“What? Have me imprisoned for speaking my mind?” she asked defiantly.
Trisha Hansen rose from her seat in the slayer section of the assembly.
“If I may, everyone?” she said. Constance and Tyrell continued to glare at each other until he nodded in Trisha’s direction. “As chief delegate of the Slayers division, I’m against the proposition. I myself am not trained in magic, but several of my slayers are, and both the trained and the untrained do a wonderful job. The Coven never trained me, but as you can see,” she said waving at herself, “I’m in the highest slayer position, and I did it without the use of magic. If the Coven feels that magic should be taught only to those they feel are worthy or receptive, then I trust the Coven’s judgment to continue in this fashion. I second Ms. Rosenberg’s motion of allowing things to stand as they are, and I ask my slayers to vote the same.”
“Very well,” Tyrell nodded. “Anything further?”
“I ask that voting on this matter be anonymous,” Giles called out from the back.
“Objections?” Tyrell asked. When no one said anything, he nodded. “Okay then, cast your anonymous votes.”
The watcher sitting next to Giles gave him a nudge. “Looks like we’ve got an unstoppable slayer army now. This will be good,” he said with a nod of approval.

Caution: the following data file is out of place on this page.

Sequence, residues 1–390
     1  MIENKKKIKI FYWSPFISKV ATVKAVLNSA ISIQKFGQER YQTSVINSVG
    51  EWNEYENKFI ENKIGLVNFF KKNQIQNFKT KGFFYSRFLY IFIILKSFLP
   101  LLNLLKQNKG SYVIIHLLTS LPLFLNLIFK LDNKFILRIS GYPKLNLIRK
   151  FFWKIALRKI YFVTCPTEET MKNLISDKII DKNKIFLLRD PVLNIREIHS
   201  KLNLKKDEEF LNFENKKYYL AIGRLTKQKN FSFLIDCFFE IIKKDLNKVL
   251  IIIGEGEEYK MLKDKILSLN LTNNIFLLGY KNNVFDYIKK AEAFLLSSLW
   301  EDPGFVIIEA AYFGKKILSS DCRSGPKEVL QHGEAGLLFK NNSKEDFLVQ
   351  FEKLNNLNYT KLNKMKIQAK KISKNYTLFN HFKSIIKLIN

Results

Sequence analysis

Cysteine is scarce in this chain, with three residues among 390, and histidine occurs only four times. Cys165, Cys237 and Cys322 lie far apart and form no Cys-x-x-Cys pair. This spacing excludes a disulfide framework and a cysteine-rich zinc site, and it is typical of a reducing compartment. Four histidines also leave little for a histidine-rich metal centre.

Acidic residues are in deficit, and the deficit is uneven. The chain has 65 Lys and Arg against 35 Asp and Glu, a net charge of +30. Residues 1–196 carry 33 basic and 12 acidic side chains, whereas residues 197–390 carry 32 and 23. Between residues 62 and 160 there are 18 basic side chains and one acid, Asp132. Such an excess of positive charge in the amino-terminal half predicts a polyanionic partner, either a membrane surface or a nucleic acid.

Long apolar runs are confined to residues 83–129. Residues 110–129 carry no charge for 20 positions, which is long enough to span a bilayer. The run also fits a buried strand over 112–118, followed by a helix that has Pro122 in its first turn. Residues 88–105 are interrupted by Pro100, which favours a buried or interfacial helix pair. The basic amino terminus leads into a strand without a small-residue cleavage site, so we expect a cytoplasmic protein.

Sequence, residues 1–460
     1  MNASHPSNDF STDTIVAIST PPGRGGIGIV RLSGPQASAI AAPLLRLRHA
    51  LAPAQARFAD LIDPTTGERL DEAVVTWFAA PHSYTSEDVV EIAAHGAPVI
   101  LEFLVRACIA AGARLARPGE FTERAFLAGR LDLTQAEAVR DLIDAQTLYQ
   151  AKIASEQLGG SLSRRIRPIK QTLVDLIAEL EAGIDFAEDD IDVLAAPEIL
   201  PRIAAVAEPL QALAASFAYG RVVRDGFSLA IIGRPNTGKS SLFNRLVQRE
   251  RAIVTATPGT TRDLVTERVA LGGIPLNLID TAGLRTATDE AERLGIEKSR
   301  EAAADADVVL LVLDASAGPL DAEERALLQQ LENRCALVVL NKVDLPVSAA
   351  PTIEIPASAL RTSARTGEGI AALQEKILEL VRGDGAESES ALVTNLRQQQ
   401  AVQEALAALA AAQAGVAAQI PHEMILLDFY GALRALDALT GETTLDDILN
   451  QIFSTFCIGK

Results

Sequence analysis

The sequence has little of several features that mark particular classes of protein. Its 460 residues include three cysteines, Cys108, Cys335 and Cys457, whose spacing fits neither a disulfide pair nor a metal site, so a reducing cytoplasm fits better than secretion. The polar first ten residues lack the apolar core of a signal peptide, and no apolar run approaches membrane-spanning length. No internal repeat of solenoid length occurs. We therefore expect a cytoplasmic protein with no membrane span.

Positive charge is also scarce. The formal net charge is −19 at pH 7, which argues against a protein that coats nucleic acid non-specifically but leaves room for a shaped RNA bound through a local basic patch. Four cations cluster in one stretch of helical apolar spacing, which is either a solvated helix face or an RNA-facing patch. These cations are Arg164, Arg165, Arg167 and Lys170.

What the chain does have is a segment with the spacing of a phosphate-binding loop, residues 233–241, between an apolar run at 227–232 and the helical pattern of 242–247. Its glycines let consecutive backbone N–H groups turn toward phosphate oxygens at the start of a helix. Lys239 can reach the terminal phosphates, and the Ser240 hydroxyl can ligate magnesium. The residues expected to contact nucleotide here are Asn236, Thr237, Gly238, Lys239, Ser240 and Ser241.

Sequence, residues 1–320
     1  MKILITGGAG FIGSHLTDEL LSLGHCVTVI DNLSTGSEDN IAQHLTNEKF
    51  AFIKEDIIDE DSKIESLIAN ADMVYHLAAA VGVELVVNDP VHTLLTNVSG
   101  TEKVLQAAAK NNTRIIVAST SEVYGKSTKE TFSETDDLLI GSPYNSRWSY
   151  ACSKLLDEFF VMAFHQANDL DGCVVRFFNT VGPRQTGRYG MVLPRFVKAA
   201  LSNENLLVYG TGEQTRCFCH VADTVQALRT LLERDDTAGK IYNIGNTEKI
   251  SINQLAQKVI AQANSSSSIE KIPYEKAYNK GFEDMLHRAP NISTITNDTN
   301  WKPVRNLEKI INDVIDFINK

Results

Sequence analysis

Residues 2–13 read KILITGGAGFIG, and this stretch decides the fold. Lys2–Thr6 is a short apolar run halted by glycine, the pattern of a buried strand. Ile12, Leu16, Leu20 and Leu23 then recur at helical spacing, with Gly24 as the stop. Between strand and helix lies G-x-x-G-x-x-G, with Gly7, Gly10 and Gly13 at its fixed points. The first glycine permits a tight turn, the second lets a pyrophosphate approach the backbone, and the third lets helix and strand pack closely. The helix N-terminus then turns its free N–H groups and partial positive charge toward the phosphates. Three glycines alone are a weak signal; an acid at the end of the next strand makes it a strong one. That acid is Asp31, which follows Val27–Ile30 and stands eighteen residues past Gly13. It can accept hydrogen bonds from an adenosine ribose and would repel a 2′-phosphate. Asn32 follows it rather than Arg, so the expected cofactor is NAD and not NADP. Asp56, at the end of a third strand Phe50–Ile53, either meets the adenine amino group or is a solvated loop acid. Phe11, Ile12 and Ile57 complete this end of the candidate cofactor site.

Giles didn’t answer as he rose and began to file out with other members. He glanced back at Constance and gave her a short nod that was barely noticeable.
Watchers Council – Coven Room – Moments Later
Giles rose to his feet when he saw Constance open the door of the coven room. She turned around briefly to the members behind her.
“Give us a moment,” she said softly, and they remained outside. Quietly, she slipped inside and closed the distance between them. “Looks like he thinks he’s won,” Constance said, forcing a grin. “You know, if you get caught here, they might say you’re fraternizing with the enemy.”
“Hence the anonymous vote. They can’t trace me. Besides, I enjoy fraternizing,” he told her with a soft smile before he gave her a gentle kiss on the lips. “What are you going to do?”
“Well, I’m not training slayers that aren’t magically called, that’s for sure.”
Giles and Constance both stepped away from each other and turned when they heard a knock at the door. They watched as Trisha walked inside with Velika following behind her.
“I can’t believe this,” she said as she walked over. “They can’t do that! How are they going to make you train slayers you don’t want to train anyway?”
“If we don’t, they’ve threatened to disband the Coven.”
Trisha folded her arms across her chest. “So you’re giving up?”
“No,” Constance answered confidently. “I’m giving them the fight of their lives.”
End of Act Two